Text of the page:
Holding the 0.6mm gauge wire in position before securing it into place
Holding the 0.6mm gauge wire in position before securing it into place

6. Cut a 1m length of the thinner gauge wire. (Be careful of your eyes when using a long length of wire like this)

Hold the wire in position across your frame, just under the loop as shown in the picture. Leave about 1" - 2 " excess (you can just see it under my thumb)

Securing the thinner wire in place by coiling
Securing the thinner wire in place by coiling

7. Now start to wrap the longer end of the wire around your frame, just under the loop, making a small coil as shown. Ignore the excess for now, we will tidy that up later. (Just be careful that it doesn't scratch you while you work)

Threading the beads onto the frame
Threading the beads onto the frame

8. Now thread the first bead from your design onto the thin wire, thread it all the way down to the frame, and hold it in position. Pull the wire so that it comes out of the top of the bead, and down the back.

Securing the bead in place
Securing the bead in place

9. Now wrap the long length of wire around the frame making a very neat coil. Try to make sure that each time you wrap around it lies next to, rather than on, the previous wrap. I coiled the wire around 7 times. You can make it more or less if your beads are bigger or smaller than mine. You want the beads to sit in place with even spaces between them, so however many times you coil the wire around at this point, you need to repeat for each subsequent bead you attach to the frame. On the last coil, finish with the wire pointing up, ready to thread on the next bead.

Attaching more beads to the bangle
Attaching more beads to the bangle

10. Thread on the next bead and repeat the last step.

Keep threading and wrapping until you have added all the beads from your design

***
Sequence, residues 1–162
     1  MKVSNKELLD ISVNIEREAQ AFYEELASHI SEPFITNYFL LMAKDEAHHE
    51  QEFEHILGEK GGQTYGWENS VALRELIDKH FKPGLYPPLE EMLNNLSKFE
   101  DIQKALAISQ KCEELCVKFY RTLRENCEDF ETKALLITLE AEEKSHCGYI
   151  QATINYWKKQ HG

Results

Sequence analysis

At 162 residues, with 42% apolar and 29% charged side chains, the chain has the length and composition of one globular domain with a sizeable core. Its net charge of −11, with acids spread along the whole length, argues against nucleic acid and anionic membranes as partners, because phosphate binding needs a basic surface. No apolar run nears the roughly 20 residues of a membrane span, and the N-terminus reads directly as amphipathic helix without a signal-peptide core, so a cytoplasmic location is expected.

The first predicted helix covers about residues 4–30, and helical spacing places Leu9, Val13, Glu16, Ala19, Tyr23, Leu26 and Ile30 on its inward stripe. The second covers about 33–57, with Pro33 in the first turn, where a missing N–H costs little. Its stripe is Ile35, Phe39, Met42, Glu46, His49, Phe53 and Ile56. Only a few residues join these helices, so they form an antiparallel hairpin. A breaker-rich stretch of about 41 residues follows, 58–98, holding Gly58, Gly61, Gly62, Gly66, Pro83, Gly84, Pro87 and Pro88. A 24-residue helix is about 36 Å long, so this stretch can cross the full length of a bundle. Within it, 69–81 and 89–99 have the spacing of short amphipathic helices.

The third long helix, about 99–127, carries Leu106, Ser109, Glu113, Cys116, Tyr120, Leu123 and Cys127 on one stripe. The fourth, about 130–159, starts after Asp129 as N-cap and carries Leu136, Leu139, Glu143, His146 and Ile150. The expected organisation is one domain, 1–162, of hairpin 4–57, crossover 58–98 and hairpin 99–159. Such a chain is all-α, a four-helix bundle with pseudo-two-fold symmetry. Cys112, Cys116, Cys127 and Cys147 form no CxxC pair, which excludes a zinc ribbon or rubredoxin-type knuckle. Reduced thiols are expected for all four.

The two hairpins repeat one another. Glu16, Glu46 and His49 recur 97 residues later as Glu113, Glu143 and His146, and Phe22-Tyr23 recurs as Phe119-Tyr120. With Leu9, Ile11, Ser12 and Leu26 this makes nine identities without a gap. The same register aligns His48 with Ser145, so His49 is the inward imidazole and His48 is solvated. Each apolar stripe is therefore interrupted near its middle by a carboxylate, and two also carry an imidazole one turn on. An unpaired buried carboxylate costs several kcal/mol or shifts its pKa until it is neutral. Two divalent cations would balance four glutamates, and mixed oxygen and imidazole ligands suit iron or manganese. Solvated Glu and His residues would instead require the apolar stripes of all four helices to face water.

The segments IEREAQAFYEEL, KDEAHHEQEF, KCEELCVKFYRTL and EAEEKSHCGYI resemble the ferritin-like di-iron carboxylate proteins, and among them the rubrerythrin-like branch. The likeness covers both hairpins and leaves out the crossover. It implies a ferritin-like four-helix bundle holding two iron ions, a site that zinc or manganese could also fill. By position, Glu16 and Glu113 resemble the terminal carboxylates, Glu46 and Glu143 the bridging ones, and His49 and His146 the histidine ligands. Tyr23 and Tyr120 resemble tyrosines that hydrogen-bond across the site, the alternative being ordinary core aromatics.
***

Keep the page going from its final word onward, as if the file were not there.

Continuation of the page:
Closing gaps in the coil
Closing gaps in the coil

Tip

If small gaps begin to appear between the coils, gently pinch them together using the flat nose pliers. This will help to keep your coils neat and professional.

Also, remember once you have threaded on a bead, to always take the wire down behind the bead and frame. This will mean that the little bit of wire that shows will always be on the same side, and will become a feature of the design.

This is the halfway point on my design. See how I have attached the larger bead in exactly the same way.
This is the halfway point on my design. See how I have attached the larger bead in exactly the same way.
Measuring the finished frame, as you can see the design has shrunk to just under 6" - once I had a loop at the opposite end the frame will measure 6" exactly, adding a clasp will add a further 1/2"
Measuring the finished frame, as you can see the design has shrunk to just under 6" - once I had a loop at the opposite end the frame will measure 6" exactly, adding a clasp will add a further 1/2"
Adding a loop to the other end
Adding a loop to the other end

11. Using the round nose pliers, make a loop close to the last coil.

Trim the frame wire leaving approx 1" excess

Repeat steps 3, 4 and 5 wrapping the excess around the base of the loop, trimming it and smoothing it

Tidying up the thinner wire
Tidying up the thinner wire

12. Now you need to tidy up the thinner wire that you used to attach the beads.

Trim the wire so that it is approximately the same length as the excess you have left at the beginning end of the frame.